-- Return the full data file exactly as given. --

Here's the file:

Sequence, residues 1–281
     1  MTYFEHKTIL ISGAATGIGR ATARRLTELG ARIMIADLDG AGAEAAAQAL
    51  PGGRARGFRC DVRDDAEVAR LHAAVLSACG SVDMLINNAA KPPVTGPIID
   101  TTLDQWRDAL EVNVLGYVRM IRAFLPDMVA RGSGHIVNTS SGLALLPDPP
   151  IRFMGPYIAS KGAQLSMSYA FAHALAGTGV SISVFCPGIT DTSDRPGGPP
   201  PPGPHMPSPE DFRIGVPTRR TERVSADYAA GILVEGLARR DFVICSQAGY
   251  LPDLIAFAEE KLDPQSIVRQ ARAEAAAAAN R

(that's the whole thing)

Sequence, residues 1–281
     1  MTYFEHKTIL ISGAATGIGR ATARRLTELG ARIMIADLDG AGAEAAAQAL
    51  PGGRARGFRC DVRDDAEVAR LHAAVLSACG SVDMLINNAA KPPVTGPIID
   101  TTLDQWRDAL EVNVLGYVRM IRAFLPDMVA RGSGHIVNTS SGLALLPDPP
   151  IRFMGPYIAS KGAQLSMSYA FAHALAGTGV SISVFCPGIT DTSDRPGGPP
   201  PPGPHMPSPE DFRIGVPTRR TERVSADYAA GILVEGLARR DFVICSQAGY
   251  LPDLIAFAEE KLDPQSIVRQ ARAEAAAAAN R